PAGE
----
A new analysis of the geological record of the Earth’s sea level, carried out by scientists at Harvard and Princeton University’s Woodrow Wilson School of Public and International Affairs, employs a novel statistical approach that reveals the
planet’s polar ice sheets are vulnerable to large-scale melting even under
moderate global warming scenarios. Such melting would lead to a large and
relatively rapid rise in global sea level.

The analysis indicates an additional 2 degrees of global warming could commit the planet to 20 to 30 feet of long-term sea level rise. This rise would inundate low-lying
coastal areas where hundreds of millions of people now reside. It would
permanently submerge New Orleans and other parts of southern Louisiana, much of
southern Florida and other parts of the U.S. East Coast, much of Bangladesh,
and most of the Netherlands, unless unprecedented and expensive coastal
protection were undertaken. And while the researchers’ findings indicate that
such a rise would likely take centuries to complete, if emissions of greenhouse
gase
s are not abated, the planet could be committed during this century to a
level of warming sufficient to trigger this outcome.

The study, “Probabilistic Assessment of Sea Level During the Last Interglacial Stage,” is published in today’s edition of the journal Nature. The researchers include Jerry X. Mitrovica, a professor of geophysics in Harvard’s Department of Earth and Planetary Sciences; Robert Kopp, who conducted the work as a postdoctoral researcher in Princeton’s
Department of Geosciences and the Woodrow Wilson School; Frederik Simons, a Princeton assistant professor of geosciences; Adam Maloof , an
assistant professor of geosciences at Princeton; and Michael Oppenheimer, a
professor of geosciences and international affairs in the Woodrow
Wilson School.

As part of the study, the researchers compiled an extensive database of geological sea level indicators
for a period known as the last interglacial stage about 125,000 years ago.
Polar temperatures during this stage were likely 5 to 9
degrees Fahrenheit warmer than today, as is expected to occur in the future if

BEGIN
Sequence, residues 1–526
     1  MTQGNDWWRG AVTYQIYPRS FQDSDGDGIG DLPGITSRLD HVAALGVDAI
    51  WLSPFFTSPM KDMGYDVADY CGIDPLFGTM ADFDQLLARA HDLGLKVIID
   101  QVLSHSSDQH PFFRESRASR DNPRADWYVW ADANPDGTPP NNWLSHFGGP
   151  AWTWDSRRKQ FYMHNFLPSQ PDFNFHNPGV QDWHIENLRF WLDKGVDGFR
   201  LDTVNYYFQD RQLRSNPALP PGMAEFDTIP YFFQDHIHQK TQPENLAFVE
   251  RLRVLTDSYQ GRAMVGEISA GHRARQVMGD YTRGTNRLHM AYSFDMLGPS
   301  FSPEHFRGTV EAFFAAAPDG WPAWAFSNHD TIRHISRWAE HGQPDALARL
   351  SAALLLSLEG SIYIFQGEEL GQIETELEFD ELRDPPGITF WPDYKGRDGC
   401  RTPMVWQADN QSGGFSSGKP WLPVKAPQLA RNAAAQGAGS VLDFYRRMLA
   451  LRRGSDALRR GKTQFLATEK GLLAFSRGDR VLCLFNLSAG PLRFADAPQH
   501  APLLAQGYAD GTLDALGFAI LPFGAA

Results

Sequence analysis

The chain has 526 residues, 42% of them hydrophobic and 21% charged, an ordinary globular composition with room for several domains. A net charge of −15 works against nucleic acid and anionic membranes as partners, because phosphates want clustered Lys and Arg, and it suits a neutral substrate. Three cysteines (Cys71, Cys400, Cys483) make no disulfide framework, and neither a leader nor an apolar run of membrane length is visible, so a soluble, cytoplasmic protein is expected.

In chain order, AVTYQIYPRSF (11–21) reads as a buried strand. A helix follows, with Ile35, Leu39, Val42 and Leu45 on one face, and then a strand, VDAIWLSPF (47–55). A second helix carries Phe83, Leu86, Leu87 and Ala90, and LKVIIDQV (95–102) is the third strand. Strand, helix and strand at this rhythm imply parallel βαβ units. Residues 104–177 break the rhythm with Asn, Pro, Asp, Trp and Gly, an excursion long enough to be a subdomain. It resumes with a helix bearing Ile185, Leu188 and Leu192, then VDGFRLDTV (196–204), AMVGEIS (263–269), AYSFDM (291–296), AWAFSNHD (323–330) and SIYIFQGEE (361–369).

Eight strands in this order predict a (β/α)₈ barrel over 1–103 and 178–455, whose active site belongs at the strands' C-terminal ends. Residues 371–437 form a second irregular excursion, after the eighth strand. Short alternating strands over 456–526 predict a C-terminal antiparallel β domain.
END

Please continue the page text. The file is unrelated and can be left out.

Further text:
temperatures reach about about 4 to 6 degrees
Fahrenheit above pre-industrial levels.

“The last interglacial stage provides a historical analog for futures with a fairly moderate amount of
warming; the high sea levels during the stage suggest that significant chunks
of major ice sheets could disappear over a period of centuries in such
futures,” Kopp said. “Yet if the global economy continues to depend
heavily on fossil fuels, we’re on track to have significantly warming by the end of century than occurred during the
last interglacial. I find this somewhat worrisome.”

Oppenheimer added, “Despite the uncertainties inherent in such a study, these findings should send a strong
message to the governments negotiating in Copenhagen that the time to avoid
disastrous outcomes may run out sooner than expected.”

The researchers determined through
their analysis that there is a 95 percent probability that, during the last
interglacial stage, global sea level peaked more than 22 feet
above its present level. They further found that it is unlikely (with a 33
percent probability) that global sea level during this period exceeded 31 feet.

Sea levels during the last interglacial stage are of interest to scientists and important to policymakers
for several reasons. Most notably, the last interglacial stage is relatively
recent by geological standards, making it feasible for climate scientists to
develop a credible sea level record for the period, and is the most recent time
period when average global temperatures and polar temperatures were somewhat
higher than today. Because it was slightly warmer, the period can help
scientists understand the stability of polar ice sheets and the future rate of
sea level rise under low to moderate global warming scenarios.

The findings indicate that sea level during the last interglacial stage rose for centuries at least two to
three times faster than the recent rate, and that both the Greenland and West
Antarctic ice sheet likely shrank significantly and made important
contributions to sea level rise. However, the relative timing of temperature
change and sea level change during the last interglacial stage is fairly
uncertain, so it is not possible to infer from the analysis how long an
exposure to peak temperatures during this stage was needed to commit the planet
to peak sea levels.

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